In both countries, employees receive compensation for each unworked hour of between 60‑84% of their net hourly wage. This compensation may not, however, be less than the hourly minimum wage in France. The maximum length of compensation is now limited to 12 months in France, and up to a maximum of 1,607 hours per employee per year. In Germany, it can be extended by decree, depending on the economic situation of the country or of a particular sector.
There are three main differences in terms of legislation between France and Germany, which have become less pronounced since the Covid-19 crisis. First, short-time work includes non‑standard contracts such as fixed-term contracts and temporary workers in France, whereas in Germany it does not cover mini-jobs and temporary workers have only been taken into account as of April 2020. Second, in France, payments are made by firms, which are then reimbursed by the government and Unédic:-- up to EUR 7.23 per hour for firms with more than 250 employees and EUR 7.74 per hour for smaller firms. It should be noted that, since 17 March, this compensation has been fully covered. In Germany, compensation is fully funded by the public authorities, thus easing the financial constraints of companies. This difference seems to explain the greater take-up of short-time work in Germany in 2009. Third, in France, it is up to the administration to assess the level of difficulties, whereas in Germany the scheme includes thresholds for triggering the short-time work mechanism based on the proportion of employees and/or the number of hours concerned, which makes it possible to identify troubled firms more effectively. Businesses must also have exhausted all other options that could have allowed them to avoid using the short-time work mechanism. These conditions have been partially eased since the start of the Covid-19 crisis.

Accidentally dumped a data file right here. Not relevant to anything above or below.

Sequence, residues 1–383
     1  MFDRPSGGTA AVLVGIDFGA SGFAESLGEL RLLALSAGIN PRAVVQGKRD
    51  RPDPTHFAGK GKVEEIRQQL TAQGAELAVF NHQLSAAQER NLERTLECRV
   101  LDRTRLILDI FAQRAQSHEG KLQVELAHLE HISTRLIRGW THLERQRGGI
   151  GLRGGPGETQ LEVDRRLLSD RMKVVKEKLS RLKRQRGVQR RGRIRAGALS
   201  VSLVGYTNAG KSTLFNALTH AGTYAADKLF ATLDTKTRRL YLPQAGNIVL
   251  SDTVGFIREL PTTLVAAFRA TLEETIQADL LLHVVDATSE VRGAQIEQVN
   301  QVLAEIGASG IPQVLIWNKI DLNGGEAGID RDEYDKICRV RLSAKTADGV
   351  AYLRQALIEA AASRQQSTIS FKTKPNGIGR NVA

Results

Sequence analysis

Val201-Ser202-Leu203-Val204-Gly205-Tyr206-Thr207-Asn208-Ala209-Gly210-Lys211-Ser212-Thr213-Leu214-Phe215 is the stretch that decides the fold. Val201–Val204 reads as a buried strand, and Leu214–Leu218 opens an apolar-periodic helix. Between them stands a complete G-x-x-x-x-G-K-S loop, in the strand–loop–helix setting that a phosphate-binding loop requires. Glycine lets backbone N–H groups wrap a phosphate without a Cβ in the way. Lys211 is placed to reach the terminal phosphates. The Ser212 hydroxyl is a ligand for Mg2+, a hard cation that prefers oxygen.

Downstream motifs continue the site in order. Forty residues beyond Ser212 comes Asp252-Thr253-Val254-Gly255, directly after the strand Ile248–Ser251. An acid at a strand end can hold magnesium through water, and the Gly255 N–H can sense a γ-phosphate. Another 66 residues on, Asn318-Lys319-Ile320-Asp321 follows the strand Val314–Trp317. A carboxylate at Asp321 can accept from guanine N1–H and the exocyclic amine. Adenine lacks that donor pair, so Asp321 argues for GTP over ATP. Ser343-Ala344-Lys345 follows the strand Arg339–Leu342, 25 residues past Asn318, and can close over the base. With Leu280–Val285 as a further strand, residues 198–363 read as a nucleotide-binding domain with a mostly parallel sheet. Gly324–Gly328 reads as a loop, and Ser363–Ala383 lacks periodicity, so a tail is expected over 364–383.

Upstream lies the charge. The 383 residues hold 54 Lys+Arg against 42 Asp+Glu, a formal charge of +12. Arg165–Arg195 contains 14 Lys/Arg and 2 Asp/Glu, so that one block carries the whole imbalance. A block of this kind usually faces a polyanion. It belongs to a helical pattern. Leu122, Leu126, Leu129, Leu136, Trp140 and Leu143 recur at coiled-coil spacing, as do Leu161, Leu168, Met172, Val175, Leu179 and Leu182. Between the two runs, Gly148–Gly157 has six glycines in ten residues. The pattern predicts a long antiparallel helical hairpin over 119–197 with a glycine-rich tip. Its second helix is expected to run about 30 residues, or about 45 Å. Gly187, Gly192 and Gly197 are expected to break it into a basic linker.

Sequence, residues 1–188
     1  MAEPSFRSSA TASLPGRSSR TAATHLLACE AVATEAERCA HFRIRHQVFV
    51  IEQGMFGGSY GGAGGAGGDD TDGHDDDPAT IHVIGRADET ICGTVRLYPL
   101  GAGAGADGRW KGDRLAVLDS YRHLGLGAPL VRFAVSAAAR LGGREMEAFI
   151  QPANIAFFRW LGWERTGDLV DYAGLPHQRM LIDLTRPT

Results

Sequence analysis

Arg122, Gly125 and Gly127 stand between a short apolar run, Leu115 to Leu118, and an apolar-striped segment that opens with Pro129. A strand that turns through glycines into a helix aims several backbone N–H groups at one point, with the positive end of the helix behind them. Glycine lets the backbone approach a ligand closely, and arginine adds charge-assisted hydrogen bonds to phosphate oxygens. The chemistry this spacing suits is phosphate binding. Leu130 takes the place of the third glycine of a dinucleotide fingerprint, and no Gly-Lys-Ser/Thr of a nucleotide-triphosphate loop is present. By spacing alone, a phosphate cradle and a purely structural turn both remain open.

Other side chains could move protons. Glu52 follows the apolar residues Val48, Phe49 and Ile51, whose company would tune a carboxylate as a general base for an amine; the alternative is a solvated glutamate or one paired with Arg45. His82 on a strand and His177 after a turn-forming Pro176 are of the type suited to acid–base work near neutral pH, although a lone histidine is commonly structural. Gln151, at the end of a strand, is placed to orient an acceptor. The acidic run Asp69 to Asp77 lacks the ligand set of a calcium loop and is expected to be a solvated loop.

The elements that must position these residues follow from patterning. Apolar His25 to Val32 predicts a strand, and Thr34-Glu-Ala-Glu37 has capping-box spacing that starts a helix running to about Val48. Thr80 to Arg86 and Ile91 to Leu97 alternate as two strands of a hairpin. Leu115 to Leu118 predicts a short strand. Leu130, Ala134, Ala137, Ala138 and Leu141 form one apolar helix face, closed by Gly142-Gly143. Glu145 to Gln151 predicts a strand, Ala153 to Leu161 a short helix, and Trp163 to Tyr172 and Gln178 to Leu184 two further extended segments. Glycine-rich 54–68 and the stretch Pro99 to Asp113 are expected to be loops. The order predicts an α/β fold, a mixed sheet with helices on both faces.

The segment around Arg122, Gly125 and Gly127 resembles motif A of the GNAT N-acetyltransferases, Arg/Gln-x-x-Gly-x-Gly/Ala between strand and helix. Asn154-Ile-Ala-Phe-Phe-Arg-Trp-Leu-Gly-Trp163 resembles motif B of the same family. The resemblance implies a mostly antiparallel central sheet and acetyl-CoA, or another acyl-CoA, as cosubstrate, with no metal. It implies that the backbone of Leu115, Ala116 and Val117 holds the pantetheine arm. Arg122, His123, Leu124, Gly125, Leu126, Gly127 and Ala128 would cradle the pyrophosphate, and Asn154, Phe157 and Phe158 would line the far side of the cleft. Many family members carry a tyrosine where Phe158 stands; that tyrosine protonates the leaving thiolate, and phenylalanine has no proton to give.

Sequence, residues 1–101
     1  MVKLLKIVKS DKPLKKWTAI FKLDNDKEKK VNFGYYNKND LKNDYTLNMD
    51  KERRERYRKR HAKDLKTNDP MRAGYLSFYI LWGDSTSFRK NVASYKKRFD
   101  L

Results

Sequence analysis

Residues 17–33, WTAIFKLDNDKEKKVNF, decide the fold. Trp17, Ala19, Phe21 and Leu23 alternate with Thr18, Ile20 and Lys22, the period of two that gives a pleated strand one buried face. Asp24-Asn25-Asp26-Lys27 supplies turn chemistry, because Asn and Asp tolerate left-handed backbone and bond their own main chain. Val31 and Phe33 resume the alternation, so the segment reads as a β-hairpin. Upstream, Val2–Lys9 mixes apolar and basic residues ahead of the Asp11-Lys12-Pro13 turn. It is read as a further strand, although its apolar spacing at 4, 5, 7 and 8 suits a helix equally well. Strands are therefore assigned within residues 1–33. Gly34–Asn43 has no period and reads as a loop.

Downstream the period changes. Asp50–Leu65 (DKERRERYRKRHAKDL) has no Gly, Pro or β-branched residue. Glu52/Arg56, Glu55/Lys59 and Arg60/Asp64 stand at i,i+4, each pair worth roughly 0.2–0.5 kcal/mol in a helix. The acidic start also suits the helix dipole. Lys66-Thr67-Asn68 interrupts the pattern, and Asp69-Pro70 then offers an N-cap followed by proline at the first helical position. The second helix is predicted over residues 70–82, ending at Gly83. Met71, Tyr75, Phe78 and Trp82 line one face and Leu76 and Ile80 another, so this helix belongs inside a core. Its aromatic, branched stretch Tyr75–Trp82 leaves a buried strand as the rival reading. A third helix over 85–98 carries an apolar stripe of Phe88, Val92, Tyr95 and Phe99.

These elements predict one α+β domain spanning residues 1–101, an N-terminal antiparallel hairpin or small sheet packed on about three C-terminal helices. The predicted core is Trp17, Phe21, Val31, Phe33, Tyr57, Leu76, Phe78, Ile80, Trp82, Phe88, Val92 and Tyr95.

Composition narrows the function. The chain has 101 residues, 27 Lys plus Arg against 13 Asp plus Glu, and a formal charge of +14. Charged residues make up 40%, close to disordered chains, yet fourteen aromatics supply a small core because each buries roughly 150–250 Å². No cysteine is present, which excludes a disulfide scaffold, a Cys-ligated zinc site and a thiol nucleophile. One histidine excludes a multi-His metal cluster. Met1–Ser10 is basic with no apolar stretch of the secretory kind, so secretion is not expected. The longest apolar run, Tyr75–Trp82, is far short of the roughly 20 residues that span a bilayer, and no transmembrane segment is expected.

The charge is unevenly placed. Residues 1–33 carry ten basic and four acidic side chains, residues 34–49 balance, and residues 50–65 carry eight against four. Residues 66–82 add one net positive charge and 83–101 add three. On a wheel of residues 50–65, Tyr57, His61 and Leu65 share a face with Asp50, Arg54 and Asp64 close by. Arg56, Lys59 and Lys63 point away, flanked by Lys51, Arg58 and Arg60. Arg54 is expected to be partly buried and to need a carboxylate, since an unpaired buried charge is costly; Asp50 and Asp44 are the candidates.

In Europe, short-time work is a flagship measure to combat the Covid-19 crisis. Many European countries have made reforms to this mechanism or have created such a scheme (Greece, Sweden). For instance, in Austria, Belgium, Ireland, the Netherlands, and the United Kingdom, this scheme is generally more generous towards employees and/or companies; in Austria, Spain and Finland, the procedure has been simplified; and, in Spain, the scope has been extended to benefit certain categories of previously excluded employees.
In order to encourage these initiatives, the European Commission announced on 2 April 2020 the creation of a financial assistance mechanism designed to protect the jobs threatened by the pandemic. Its proposed budget will be EUR 100 billion in the form of guarantees and soft loans to Member States in order to promote the creation or extension of national schemes such as short-time work.
However, while it protects jobs, the short-time work scheme may also have perverse effects, particularly if it is used for extended periods outside times of crisis. Some firms not experiencing difficulties may be tempted to take advantage of it to make a profit, putting a strain on public finances with a negative effect on hours worked without any gain in employment (windfall effect). Other firms, facing structural difficulties, would be tempted to use it, which delays or even prevents the reallocation of their labour force to more productive sectors. These negative effects result in a loss of aggregate output relative to the social optimum (Cahuc and Nevoux, 2018 ; Cooper et al., 2017). However, these effects remain relatively modest compared to the benefits of short-time work in times of crisis.